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flowers

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  • tlcrosley
    Hi- What kinds of flowers would be good to plant in my gardens this year that would be beneficial to my bees. I live in North-Central PA. Sorry for any
    Message 1 of 11 , Feb 19, 2002
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      Hi-
      What kinds of flowers would be good to plant in my gardens this year
      that would be beneficial to my bees. I live in North-Central PA.
      Sorry for any cross-posting.
      Leah
    • Reuben Watkins
      There are several good resources on line. You could try a google search on bee plants . My favorite source is beeplants.com, but they are in the midst of an
      Message 2 of 11 , Feb 19, 2002
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        There are several good resources on line. You could try a google search on "bee plants". My favorite source is beeplants.com, but they are in the midst of an overhaul. Tom Clothier has a great site and sells seed he has collected from his garden. I have had excellent results with Tom's seed. http://users.anet.com/~manytimes/
         
        Plant all you can,
         
        Reuben Watkin
        ----- Original Message -----
        From: tlcrosley
        Sent: Tuesday, February 19, 2002 12:20 PM
        To: beekeeping@yahoogroups.com
        Subject: [beekeeping] flowers
         
        Hi-
        What kinds of flowers would be good to plant in my gardens this year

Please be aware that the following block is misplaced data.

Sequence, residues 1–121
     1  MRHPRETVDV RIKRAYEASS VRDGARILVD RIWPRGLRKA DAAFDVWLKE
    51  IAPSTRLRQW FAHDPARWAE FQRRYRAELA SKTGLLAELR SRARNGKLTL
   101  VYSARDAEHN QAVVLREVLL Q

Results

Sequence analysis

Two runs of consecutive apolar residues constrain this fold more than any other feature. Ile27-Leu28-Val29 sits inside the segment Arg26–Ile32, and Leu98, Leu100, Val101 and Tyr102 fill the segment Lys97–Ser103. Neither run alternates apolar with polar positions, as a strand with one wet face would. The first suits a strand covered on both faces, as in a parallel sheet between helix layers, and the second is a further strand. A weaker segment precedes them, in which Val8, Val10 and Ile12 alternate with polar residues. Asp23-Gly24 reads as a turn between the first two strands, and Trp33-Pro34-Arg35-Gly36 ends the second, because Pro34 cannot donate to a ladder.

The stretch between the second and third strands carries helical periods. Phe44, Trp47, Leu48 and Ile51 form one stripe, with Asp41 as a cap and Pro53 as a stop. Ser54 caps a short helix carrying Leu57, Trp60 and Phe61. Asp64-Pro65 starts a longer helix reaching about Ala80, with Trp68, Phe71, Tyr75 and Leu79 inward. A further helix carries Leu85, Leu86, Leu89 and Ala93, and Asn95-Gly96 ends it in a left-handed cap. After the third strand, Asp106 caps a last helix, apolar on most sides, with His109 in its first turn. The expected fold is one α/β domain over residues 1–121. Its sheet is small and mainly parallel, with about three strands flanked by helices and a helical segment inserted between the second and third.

that would be beneficial to my bees.  I live in North-Central PA.
        Sorry for any cross-posting.
        Leah




        Your use of Yahoo! Groups is subject to http://docs.yahoo.com/info/terms/


      • Mark
        It depends on the size of your yard and if you want the flowers THIS year. If you have the room, try Vitec. It s a woody bush with tons of flowers. Bees love
        Message 3 of 11 , Feb 19, 2002
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          It depends on the size of your yard and if you want the flowers THIS year.
          If you have the room, try Vitec. It's a woody bush with tons of flowers.
          Bees love it and it produces a lot of nectar. Problem is, it takes a year
          or so to get big enough to put out many flowers, and it gets really big -
          15-17 feet tall. I suppose you could keep it pruned. :-) Cotton puts out a
          lot more nectar than most plants. It blooms in Texas around the end of July
          or middle of Aug. depending when it was planted. Cotton is a pretty plant
          and the bolls look nice in a garden. Fruit trees are good in the Spring. I
          like apples, cherries, and pears. I suppose you could pick what you like.
          Again it takes 3 to 5 years to get big enough to really have a lot of
          blooms. Alfalfa makes a lot of blooms, and bees like it. Sunflowers are
          good too, but you will need to plant a lot of them. The trick is to find
          several plants and stagger the blooming periods. I'm in Texas, so you'll
          have to check out some of the crops grown in your area. Rape - used for
          rape oil is also a good one for the spring. A lot of your good smelling
          flowers, like roses, don't help the bees. Dandelions are another good
          spring plant. Lots of people use them for salads. Sage blooms later in the
          season and makes a good honey. I like purple sage the best. I think there
          is a Russian variety that's pretty good too. You can buy wild flower mixes
          at a lot of stores - I know Wally World has them. Trouble with that is you
          need a pretty big space to make any difference.

          Hope this helps.

          Mark

          Mark
          ----- Original Message -----
          From: "tlcrosley" <crosley@...>
          To: <beekeeping@yahoogroups.com>
          Sent: Tuesday, February 19, 2002 12:16 PM
          Subject: [beekeeping] flowers


          > Hi-
          > What kinds of flowers would be good to plant in my gardens this year
          > that would be beneficial to my bees. I live in North-Central PA.